Ruth Rivera Marín (Mexico, 1927-1969) was the first woman to graduate from the College of Engineering and Architecture at the National Polytechnic Institute in Mexico in 1950. Daughter of Mexican renowned muralist Diego Rivera and well-known actress and writer Guadalupe Rivera Marín, she was early on introduced to the world of the arts and culture. She studied urban rehabilitation in Rome after working in the master plan for the city of Celaya, Guanajuato for the public service. She then returned to Mexico to teach architecture Theory, Architectural Composition and Urban Planning Theory, and furthering her intellectual acumen and nationalist ideal working closely with Diego Rivera and architects Juan O’Gorman, Pedro Ramírez Vázquez and Enrique Yañez.
By the 1960’s she became head of planning for the Ministry of public Education’s National Systems of Regional Rural School. Rivera would later be involved on the building of the national Medical Center and the Museum of Modern art in close collaboration with Pedro Ramírez Vázquez; as well as with Luis Barragan on the Museum ‘El Eco’ in Mexico City. Her most noted work was the Anahuacalli Museum in association with Diego Rivera and Juan O’Gorman; and her design for the Mexican Pavilion for the 1962 Century 21 Fair in Seattle alongside Carlos Mijares. Rivera then ran Notebooks of Architecture and Conservation of the Artistic patrimony and its supplement Notebooks of Architecture, a journal of theory and practice in the discipline that was the basis for teaching in the XX Century in Mexico.
Esther McCoy (USA, 1904-1989) was an American architecture critic and historian, instrumental in bringing the modern architecture of California to the world, shaping modernism in Los Angeles. Contributor to the magazine’s Arts & Architecture, Architectural Forum, Architectural Record, Progressive Architecture; the Los Angeles Times and The Los Angeles Herald-Examiner, as well as European journals L'Architectura and Lotus; her writing was a leading critical voice in a male-dominated architecture community, tracing the now well constructed Californian modernism identity.
However, less known is her contribution and broadcast of Mexican Modernism to California. During the year-long period spent in Mexico in 1951, her writing and observations of the vibrant and contextual modernist scene developing in Mexico during the 50’s; while drawing the references and connection in the design language and spatial articulation that architects from both places used, building a bridge between Mexico and California, the international and popular style, Luis Barragán and Rudolph Schindler, Clara Porset and Richard Neutra. During her trips to Mexico, she witnessed the construction of Mario Pani and Enrique del Moral Universidad Nacional Autónoma de México Campus, the domestic architecture of Luis Barragán, Juan O-Gorman, and Francisco Artigas, key figures of the the modernization in the country and brought them to an audience that knew little about it.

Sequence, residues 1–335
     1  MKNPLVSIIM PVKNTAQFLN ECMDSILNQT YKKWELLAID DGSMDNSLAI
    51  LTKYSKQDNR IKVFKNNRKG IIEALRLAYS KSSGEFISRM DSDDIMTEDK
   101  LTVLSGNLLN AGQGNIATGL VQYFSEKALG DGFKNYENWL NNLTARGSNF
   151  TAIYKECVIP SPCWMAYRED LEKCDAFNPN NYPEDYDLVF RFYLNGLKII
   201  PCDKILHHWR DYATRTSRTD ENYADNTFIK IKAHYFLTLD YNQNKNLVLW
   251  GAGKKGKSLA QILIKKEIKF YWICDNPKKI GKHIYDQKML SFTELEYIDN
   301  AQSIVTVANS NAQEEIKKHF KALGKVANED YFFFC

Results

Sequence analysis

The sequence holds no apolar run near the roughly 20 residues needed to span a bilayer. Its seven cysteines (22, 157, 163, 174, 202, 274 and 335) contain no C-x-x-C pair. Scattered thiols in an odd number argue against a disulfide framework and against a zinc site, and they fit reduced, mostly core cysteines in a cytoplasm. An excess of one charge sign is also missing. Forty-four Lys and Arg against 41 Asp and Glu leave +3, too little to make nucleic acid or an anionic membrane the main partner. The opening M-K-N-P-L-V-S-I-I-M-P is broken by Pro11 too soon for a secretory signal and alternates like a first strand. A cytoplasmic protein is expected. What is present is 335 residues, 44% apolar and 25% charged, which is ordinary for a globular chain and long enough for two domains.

María Aurora Campos Newman de Díaz (1941-2003) was the first Mexican woman in the country to graduate as industrial designer from the Universidad Iberoamericana in 1962 with a thesis on packaging for children beauty products. Inspired by her time working at the projects department at Knoll International, she left to Italy in 1965 to continue her studies at the Politecnico di Milano, and then to Germany in 1967 to study at the renowned Universität Ulm. After the school’s definite closing in 1968, she returned to Mexico in 1969, where she became famous for her commitment to promote design as founder of Grupo di in 1971, a company devoted the office-interior space planning, and designated Knoll’s distributed in Mexico until 1985.
Among her most renowned projects of her, was the new image for the international executive lounge for Mexicana de Aviación in Mexico City’s international airport; a project incorporating in the interior design, and integral way to incorporated furniture, exhibition stands, finishings and technology, opening a field of corporate interior design. In 1983, Campos Newman founded DA COLOR, a pioneer store in Mexico specialized in self-build furniture made by national designers. By 1988 Grupo di started importing Italian furniture and becoming the exclusive distributor in the country for Estel, Arflex, Matteograssi and Reixte; until 1999, from where she developed her own office furniture line, produced entirely in Mexico, Euro. Her entrepreneurial labor and integral philosophy towards design, carried an important role in the development and promotion of Mexican modern design.